April 15, 2010

Mentoring in Software Craftsmanship

Maria Diaconu and  Alexandru Bolboaca are both strong supporters of Software Craftsmanship and Agile movements in Romania, with years of experience as developers, leaders, architects, managers and instructors. On their lecture at Agile Central Europe Conference they were talking about Software  Craftsmanship movement. While Sobótka at 4Developers was showing what Craftsmanship from the code point of view is, our guests from Romania gave us a brief introduction into the process of becoming a Craftsman.

The fact, that university education for programmers doesn't give us skills suitable for professional environment is old news (at least in Poland and Romania). While steps are being taken in the right direction, it's going to take a while to get there, and that's where  Software Craftsmanship movement comes in handy.

The core concept of the presentation, was that if you want to go pro, you should understand the way you need to follow. In other crafts, there are practices recognized as the core of a profession. Programming is so vast, that you may get lost on the way, and certifications like SCP do not help much, as they are too technology oriented, looking more like a “technological masturbation” (technology for itself) rather than a way to really learn something useful. Software craftsmanship has a concept of mentoring, which is based on one of Agile  principles: “individuals and interactions over processes and tools”.

How does it work in practice? To become a craftsman you start as an apprentice at some master of your choice. If you're lucky, you'll find someone to work for and learn from. If not (you have to work in a bad environment to get by, or everyone around doesn't have more experience than you do), you can choose a well known writer, such as Martin Fowler or Robert C. Marting (Clean Code is a great start) and learn from him (all of them, even better). But that's not enough. Next step would be to participate in the community (local language user groups, etc.) and finally, to get your ass to other places and learn from people out there. That means conferences, but also a week-out pair programming in another company, far, far away, an idea more and more popular in US, as you can see at software_craftsmanship google group. After all a journeyman has a “journey” part in it, doesn't it?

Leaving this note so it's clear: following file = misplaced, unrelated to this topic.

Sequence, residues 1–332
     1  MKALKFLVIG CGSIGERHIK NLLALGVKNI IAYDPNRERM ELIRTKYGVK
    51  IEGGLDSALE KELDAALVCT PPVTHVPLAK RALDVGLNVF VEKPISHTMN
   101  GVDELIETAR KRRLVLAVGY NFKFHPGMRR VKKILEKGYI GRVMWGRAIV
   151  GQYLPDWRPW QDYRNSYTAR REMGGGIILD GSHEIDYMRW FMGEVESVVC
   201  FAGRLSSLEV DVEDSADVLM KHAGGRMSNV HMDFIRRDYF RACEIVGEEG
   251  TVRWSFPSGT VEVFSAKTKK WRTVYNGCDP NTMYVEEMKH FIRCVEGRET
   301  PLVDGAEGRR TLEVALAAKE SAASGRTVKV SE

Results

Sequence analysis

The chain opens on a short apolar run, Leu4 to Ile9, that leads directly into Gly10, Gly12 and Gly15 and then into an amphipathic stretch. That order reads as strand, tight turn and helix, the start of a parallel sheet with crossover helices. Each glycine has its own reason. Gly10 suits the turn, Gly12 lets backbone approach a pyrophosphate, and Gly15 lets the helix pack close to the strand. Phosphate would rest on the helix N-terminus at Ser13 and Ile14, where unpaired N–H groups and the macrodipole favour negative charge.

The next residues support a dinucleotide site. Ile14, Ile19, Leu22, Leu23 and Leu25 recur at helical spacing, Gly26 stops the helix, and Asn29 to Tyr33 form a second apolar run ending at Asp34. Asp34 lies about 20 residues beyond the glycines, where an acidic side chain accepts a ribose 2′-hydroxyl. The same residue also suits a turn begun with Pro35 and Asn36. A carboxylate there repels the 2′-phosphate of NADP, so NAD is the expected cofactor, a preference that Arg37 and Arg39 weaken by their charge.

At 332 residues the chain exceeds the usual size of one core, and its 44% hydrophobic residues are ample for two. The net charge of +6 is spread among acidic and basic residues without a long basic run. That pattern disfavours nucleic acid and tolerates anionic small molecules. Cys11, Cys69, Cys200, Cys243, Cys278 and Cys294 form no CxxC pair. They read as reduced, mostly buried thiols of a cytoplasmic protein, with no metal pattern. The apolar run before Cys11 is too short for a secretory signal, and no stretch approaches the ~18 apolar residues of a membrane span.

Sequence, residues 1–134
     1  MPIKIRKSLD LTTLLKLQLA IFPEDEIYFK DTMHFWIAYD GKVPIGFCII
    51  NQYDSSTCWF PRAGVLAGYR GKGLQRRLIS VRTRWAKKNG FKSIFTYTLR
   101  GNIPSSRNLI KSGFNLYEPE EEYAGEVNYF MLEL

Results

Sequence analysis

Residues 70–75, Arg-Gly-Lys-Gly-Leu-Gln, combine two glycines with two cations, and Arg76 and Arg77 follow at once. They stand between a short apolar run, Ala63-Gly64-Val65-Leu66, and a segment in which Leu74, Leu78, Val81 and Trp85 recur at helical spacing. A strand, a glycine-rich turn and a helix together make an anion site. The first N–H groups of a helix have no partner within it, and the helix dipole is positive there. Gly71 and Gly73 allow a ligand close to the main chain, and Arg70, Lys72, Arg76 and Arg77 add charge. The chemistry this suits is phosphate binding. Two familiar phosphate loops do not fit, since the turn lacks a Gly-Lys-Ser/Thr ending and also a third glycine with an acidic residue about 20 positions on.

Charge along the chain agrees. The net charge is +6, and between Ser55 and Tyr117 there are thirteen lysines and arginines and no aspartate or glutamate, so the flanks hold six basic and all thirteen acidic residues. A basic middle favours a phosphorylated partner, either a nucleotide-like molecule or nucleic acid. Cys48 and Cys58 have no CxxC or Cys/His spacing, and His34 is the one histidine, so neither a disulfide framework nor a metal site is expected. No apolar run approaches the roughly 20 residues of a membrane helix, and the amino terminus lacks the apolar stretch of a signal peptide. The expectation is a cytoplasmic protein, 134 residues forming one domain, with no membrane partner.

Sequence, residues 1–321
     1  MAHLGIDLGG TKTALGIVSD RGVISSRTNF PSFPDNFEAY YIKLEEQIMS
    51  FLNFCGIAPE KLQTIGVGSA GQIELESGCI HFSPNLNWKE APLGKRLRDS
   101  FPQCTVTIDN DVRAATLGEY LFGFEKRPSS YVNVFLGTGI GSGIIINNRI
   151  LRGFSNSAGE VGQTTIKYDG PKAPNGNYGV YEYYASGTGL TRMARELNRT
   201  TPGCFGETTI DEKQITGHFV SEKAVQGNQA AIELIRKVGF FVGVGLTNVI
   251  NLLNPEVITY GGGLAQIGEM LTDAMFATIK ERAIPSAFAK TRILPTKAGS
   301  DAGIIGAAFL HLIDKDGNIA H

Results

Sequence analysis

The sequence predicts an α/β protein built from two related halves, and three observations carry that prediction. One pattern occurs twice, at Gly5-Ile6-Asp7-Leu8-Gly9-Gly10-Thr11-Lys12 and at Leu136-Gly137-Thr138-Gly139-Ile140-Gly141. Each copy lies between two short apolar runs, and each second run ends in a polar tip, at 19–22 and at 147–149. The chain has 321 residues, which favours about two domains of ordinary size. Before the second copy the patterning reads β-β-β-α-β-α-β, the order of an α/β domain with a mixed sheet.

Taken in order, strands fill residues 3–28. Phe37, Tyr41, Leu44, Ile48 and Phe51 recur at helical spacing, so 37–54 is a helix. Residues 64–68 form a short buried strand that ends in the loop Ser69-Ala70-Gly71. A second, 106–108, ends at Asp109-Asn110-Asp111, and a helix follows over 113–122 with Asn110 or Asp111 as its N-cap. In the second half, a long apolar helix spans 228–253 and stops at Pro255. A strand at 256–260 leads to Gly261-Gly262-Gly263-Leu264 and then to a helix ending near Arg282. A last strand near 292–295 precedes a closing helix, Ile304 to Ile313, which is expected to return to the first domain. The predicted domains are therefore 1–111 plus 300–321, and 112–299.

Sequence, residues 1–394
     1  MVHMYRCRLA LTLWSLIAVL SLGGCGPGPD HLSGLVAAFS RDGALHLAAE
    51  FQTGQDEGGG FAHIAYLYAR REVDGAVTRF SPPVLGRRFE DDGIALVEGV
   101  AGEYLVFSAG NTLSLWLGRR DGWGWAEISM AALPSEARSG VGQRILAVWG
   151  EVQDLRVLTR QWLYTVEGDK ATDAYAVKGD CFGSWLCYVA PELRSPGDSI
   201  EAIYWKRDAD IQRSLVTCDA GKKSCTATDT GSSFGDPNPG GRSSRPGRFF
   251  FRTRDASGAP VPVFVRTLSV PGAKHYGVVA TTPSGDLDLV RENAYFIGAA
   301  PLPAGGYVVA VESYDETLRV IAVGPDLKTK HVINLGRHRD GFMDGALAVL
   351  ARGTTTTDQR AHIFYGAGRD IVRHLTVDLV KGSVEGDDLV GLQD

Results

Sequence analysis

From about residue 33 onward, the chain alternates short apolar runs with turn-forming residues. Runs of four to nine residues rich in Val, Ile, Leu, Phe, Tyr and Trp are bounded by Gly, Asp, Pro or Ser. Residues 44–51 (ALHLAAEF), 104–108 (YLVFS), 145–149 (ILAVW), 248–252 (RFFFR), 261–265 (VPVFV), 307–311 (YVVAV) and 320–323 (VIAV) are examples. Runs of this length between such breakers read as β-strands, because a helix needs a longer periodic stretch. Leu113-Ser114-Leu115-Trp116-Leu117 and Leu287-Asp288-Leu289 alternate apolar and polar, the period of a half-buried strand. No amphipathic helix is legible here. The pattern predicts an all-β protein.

So easy so far, right? Nothing new and mind-shaking?

The thing is to understand, that while official certifications are a great magnet for potential employers, skills of a good programmer don't come from certification books. Skills come from work experience with other good programmers. That's why Pair Programming is so important. That's why you should start going for local language/craftsmanship group meetings even if you do not understand everything they are talking about. That's why it's more important to work WITH a great programmer than to work FOR a well known company.

I've seen so many people understating the technology to the ground, yet failing to create a good software solution,  because they've never ever seen, how a good solution is build. I've heard opinions that “no software is maintainable” from people with 10+ years of experience in Java.

All you really need is a mentor. A master, that can show you, what a great software is written like.

Sławomir Sobótka, answering the question “How to start with Java” on Jacek Laskowski's blog, wrote lately: “I'd leave SCJP and similar sadomasochisms for later, maybe in a few years time, or even better, I'd boycott it all together”. He is damn right.

Robert C. Martin has a very interesting entry on his blog “Developer Certification WTF?”, where he is explaining why  official certification programs are so much bullshit these days. Beware of big companies as well, remember that “big and successful company” doesn't mean “a good place to get better”. On the contrary, it sometimes means: “a place where an apprentice is treated like shit and a code monkey”. Check the company for people and methods that you're going to be involved with on daily basis, before you send your CV. Ask a lot of questions, talk to the guys working there, if you can, ask to spend some time with the team, do some pair programming, and see what they are up to.

While chances are, in most companies your CV is going to be processed forward basing on buzzwords and certificates, the most important thing is to check whether the people you are going to work with can inspire you, bring you to the next level. And vice-versa. This is exactly what Thoughtworks is doing. Don't be afraid to risk you stability and position to get more knowledge and experience. If you've been playing Heroes of Might and Magic, you probably know damn well, that to choose experience is better than to choose money in the long run. Always.

If you want more tips what to look for when searching for a good employer, have a look here.

Mentoring should not to be underestimated. When Piotr Jagielski began his speech about refactoring test code, at Agile Central Europe Conference, he started with saying that he was very lucky to get a great mentor at the very beginning of his work. I'm sharing similar experience: while I've started my carrier as an analyst in a long waterfallish kind of a project, when I've moved into programming I was extremely lucky to work with Piotr Szarwas, the guy who in one year taught me more than 5 years of university and two years of former software experience all together.

And if you already are a good programmer, remember that learning never stops. When you are a master, you are a student as well.

“Even today, I dare not say that I have reached a state of achievement. I'm still learning, for learning is boundless.“ [Bruce Lee, Tao of Jeet Kune Do]

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